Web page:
Cheers and tears: Two years in the life of Graeme Lee

Graeme Lee is a veteran of 534 professional games during a 17-year career, but few of his footballing experiences could have prepared him for the last two seasons.

The Middlesbrough-born defender, 34, played under a former England manager and lifted a Championship at Notts County, before a move to Darlington saw everything possible go wrong.

Until January 2012, Lee and the Quakers were hovering below the Blue Square Bet Premier play-offs, but the new year brought about a serious injury, administration, relegation and the eventual liquidation of the club in its former guise.

"Last season football-wise was the worst season for myself, but the last few years have been nothing less than entertaining," Lee told BBC Sport.

Moving to Darlington was supposed to herald the final steps of his career, close to his hometown, coming after the crowning moment of his time in football with Notts.

Under a string of managers, amid ownership turmoil, the Magpies powered to the League Two championship.

"I loved it at Notts, I'd had four promotions but that was my first title," he said.

"It was one of the most entertaining years, I had never had so many meetings as we had off the pitch.

"In training you look to one side and you have Sven Goran Eriksson and Tord Grip stood there and you think 'what is going on?'

Graeme Lee (right) tussles with Gareth Sneddon

Lee's last outing came against Fleetwood in January

"But everything that went on off the pitch brought the lads so close together, and as much as there was some money shot about, it wasn't stupid it was quality players brought in.

"To win the league was amazing, and we won the league on Darlington's ground so it was nice because my family could see it."

It was sheer coincidence that the scene of that triumph would be Lee's next destination.

Under Mark Cooper the Quakers won the FA Trophy, and were among the favourites for promotion, all omens that bode well for the year to come.

However administration midway through the following campaign handed the squad a tough decision - stay without pay or leave.

It was a tough call for the players, some of whom, as Jamie Chandler and Liam Hatch, were quickly snapped up.

For Lee, the options were not so simple.

"Before coming I asked every financial question going, and the answers given to me were that the club whatever the league position was financially safe," Lee said.

"You commit to something and it turns around that it is not.

"I had the chance to move four times, and I could have jumped ship but I had already moved around and wanted to stick it out.

Lee on Liddle

Craig Liddle
  • One of the heroes of Darlington's efforts to survive administration and relegation was Craig Liddle, a former player and academy coach.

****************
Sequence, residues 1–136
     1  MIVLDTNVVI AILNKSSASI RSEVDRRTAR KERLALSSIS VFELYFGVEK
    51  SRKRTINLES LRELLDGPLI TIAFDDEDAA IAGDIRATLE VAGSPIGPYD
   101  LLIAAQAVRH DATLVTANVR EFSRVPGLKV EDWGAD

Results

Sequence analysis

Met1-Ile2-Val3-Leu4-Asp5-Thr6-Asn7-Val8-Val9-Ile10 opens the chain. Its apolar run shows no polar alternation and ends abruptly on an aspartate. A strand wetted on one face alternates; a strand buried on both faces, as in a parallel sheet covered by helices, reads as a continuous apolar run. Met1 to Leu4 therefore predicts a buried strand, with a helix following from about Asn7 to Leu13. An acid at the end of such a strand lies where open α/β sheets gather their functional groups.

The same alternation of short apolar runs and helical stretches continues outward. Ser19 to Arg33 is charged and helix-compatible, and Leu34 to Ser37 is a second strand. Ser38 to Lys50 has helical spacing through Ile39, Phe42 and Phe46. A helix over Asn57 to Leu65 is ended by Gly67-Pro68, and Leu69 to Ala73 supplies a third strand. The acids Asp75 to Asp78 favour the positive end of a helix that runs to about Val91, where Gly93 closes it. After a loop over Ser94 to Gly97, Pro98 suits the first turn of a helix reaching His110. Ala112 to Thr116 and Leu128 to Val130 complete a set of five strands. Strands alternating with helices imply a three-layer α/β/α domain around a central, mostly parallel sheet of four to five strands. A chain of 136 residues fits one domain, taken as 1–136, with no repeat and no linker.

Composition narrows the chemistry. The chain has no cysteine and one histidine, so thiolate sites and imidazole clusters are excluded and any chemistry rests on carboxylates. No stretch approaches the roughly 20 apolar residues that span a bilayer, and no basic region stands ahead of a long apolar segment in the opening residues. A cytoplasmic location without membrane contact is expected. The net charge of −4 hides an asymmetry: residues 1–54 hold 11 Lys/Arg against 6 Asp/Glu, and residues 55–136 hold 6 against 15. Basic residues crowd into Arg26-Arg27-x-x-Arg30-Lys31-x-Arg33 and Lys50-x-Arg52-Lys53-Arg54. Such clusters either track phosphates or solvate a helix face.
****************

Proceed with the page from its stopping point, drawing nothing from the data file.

• Liddle combined his youth post with first-team duties, juggling the workload while the football club stuttered towards the drop.
  • Lee said: "He gave everything to the club, he lived it, he wanted survival.
  • "Nobody could have done any more, he was running the club on and off the field, he was Mr Darlington.
  • "He's now in a job at Sunderland with the academy there that he deserves.
  • "He was saying he has to check his phone is still working because he used to get 50 calls a day, and now he only gets one maximum."

"Unfortunately I couldn't help the team because I was injured, we were losing good players and those players tried to stick it out but couldn't say anything because they have to pay mortgages.

"We were left with 16 and 17-year-old lads who despite being quality players you couldn't rely on them, there was too much pressure on them."

Prior to the last two seasons Lee built a reputation as a solid centre-half with Hartlepool, Sheffield Wednesday and Bradford City and Doncaster where his goal sealed silverware for Rovers.

"I had some great times at Doncaster, winning the Johnstone's Paint Trophy, but my last season was a nightmare,"

"I was injured for near enough the whole season, they got promoted so it ended on a good note but personally I didn't feel part of it.

"I'm fortunate I can go through most of my teams and have happy memories, I was at Hartlepool for eight years, and always look at them as my club.

"I had eight great years there, and Sheffield Wednesday were an immense club, at times I think I maybe spat my dummy out there.

"The low point was at Bradford, where I didn't have any success, there was a lot of expectation and it didn't work out as planned.

"Great club and great fans, but I didn't get promotion and thought it was a good base to achieve that."

Lee's fading hopes of a return to the professional game were put paid by surgeons following the most recent operation on his knee.

"The recommendation was not to go back into professional football," he said.

"So whereas a year ago I would have thought about another year before retiring, but now I'm looking to get fit, and I didn't want any pressure.

"I've had a bit of interest from some part-time teams, but you need your fix don't you? It's a lot to go from playing since I left to school to nothing.

Graeme Lee lifts the Johnstone's Paint Trophy

Lee in happier times with the Johnstone's Paint Trophy

"I was lucky enough to get into Middlesbrough coaching, and that side I'm absolutely loving.

"That's a different world, even for the kids, the atmosphere is unreal and I'm there four times a week."

"My family look and think I could have played until I was 35, I could have stayed in the Football League," Lee said.

"If I was fit I could have done but this is what is happening, I want to enjoy myself, just had a child and life is good."